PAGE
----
There seems to be a degree of complacency in the market, after an almost 30% rise in the S&P 500 in 2019, that the benign trend will continue in 2020, that President Trump will get re-elected, the dollar will stay strong, inflation will be subdued, and there will be no rise in interest rates.
My own view is different. The conclusion of Phase One of the US/China trade deal has released a lot of tension and anxiety in business circles, capital spending and trade are likely to recover in the coming months. This is especially good news for Taiwan, Korea, and the Asian Emerging Markets. The dollar has peaked, and in the past month has already fallen 2% on its trade weighted index. There are distinct signs of rising prices in several areas of the commodity complex, including gold, silver, and energy prices. Some foodstuffs will also be in short supply and demand will strengthen as China ramps up its agricultural purchases from the US.
In China itself, there is a definite slowdown towards 5%, and perhaps lower, despite continuous support from the authorities and a recent injection of US$120 billion into the financial system, by lowering bank reserve ratios. The real challenge for the Chinese leadership is the dramatic impact of the swine fever, which has meant that 60% of China’s pigs have had to be slaughtered, pork prices have more than doubled, and the consumer price index was recently rising at 4.5%. There is no doubt that inflation will be a problem in China, in the coming year.
Globally, with unemployment at its lowest level for more than a decade, wages are likely to rise, and inflation will finally respond to the central bankers’ wishes, and rise clearly above 2% in Europe and the US. What will happen to negative interest rates in Europe and Japan, and the 10-year US Treasury below 2%? We expect that 2020 will see the end of this monetary experiment.
Emerging Markets have now underperformed developed markets, for more than 10 years. In 2020, this will decisively reverse. A clear recovery in the technology cycle will favour Korea, Taiwan, and China, which constitute 57% of the Emerging Market Index. For the rest, strengthening commodity prices will boost returns from Russia, Brazil, and other Asian nations.
We remain, however, somewhat cautious about the situation in Hong Kong, which is, depressingly, continuing to be fraught with daily and weekly violent demonstrations, and lack of dialogue between the authorities and the protestors. We make no forecast here about what may happen in the next 6 months, but business conditions are, to say the least, not propitious; and many companies are looking for alternative locations.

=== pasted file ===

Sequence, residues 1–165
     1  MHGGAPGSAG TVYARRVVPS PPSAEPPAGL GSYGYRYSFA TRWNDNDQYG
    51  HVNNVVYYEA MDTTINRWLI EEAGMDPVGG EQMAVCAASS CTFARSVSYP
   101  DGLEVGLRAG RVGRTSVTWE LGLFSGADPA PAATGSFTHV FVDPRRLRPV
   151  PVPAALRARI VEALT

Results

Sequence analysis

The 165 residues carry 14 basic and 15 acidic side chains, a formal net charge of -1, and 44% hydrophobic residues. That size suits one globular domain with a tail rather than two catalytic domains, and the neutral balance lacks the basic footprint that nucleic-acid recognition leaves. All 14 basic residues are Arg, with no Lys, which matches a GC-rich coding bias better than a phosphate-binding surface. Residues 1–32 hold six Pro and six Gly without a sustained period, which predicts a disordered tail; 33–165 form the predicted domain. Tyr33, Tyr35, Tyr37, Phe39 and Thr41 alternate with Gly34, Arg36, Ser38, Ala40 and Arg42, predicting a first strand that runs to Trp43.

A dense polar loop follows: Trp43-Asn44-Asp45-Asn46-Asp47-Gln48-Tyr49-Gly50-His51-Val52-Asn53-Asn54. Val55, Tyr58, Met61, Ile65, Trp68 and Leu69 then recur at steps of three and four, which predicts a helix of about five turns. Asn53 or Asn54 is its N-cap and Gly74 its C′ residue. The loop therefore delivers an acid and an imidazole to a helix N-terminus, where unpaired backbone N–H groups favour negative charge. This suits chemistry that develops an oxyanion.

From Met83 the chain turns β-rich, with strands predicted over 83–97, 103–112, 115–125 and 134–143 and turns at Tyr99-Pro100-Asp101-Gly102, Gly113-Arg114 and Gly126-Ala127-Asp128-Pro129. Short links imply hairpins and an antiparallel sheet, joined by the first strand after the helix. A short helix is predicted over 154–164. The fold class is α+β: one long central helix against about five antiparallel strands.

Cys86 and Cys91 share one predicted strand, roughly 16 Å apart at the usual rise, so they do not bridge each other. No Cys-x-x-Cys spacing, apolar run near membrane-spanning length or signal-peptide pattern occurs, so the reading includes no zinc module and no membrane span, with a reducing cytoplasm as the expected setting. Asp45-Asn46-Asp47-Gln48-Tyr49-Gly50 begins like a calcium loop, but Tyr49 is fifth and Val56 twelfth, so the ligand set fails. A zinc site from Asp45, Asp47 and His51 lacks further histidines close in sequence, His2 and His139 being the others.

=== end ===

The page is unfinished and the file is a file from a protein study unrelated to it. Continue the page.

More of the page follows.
In India, meanwhile, Mr. Modi’s decision to support a new citizenship law, and a national register for citizens under Home Minister Amit Shah, has raised alarm among the Muslim population of India, which has grown from 9.8% at Independence in 1947, to 15% of the total population today, or over 200 million citizens. The surprise for those who have studied Indian history, is that there has not been more intercommunal violence, during the first Modi term of office. We continue to believe that Mr. Modi is a pro-business reformer, who has passed important tax and banking reforms, which will support the Indian capital markets over time, with significant improvements in profit margins and share prices.
We have diversified our risks in our broad Asian portfolio to include Korea and Taiwan (together almost 20%), as well as Southeast Asia, where the 3 major growth economies are Vietnam, Philippines, and Indonesia. All 3 countries present challenges in terms of selecting good shares, without foreign premiums, or corporate governance issues. But there is no doubt that, with the lifting of the trade war worries, these markets should outperform in the coming year; and the same is true of India.
So, coming back to the gold price – which, at the time of writing, has risen close to US$1,600/ounce following the surprise US drone strike in Baghdad, which killed the leading Iranian general Soleimani, commander of the “Quds” force. We expect a confluence of forces will support gold and silver in 2020. Many nations in Europe and Asia, especially China and Russia, have been consistently buying more gold for their central bank reserves, as a reaction to Washington’s increasingly aggressive use of economic sanctions (using the dollar as a weapon), against both enemies and allies.
China is reputedly ready to launch its own crypto currency (and we can confirm from personal meetings in Beijing that they have been studying block chain technology at the highest government levels for several years). The Renminbi (RMB) is likely to be stable. But the key will be to follow closely any weakness in the US dollar, which, in the past, has been a clear leading indicator of market weakness.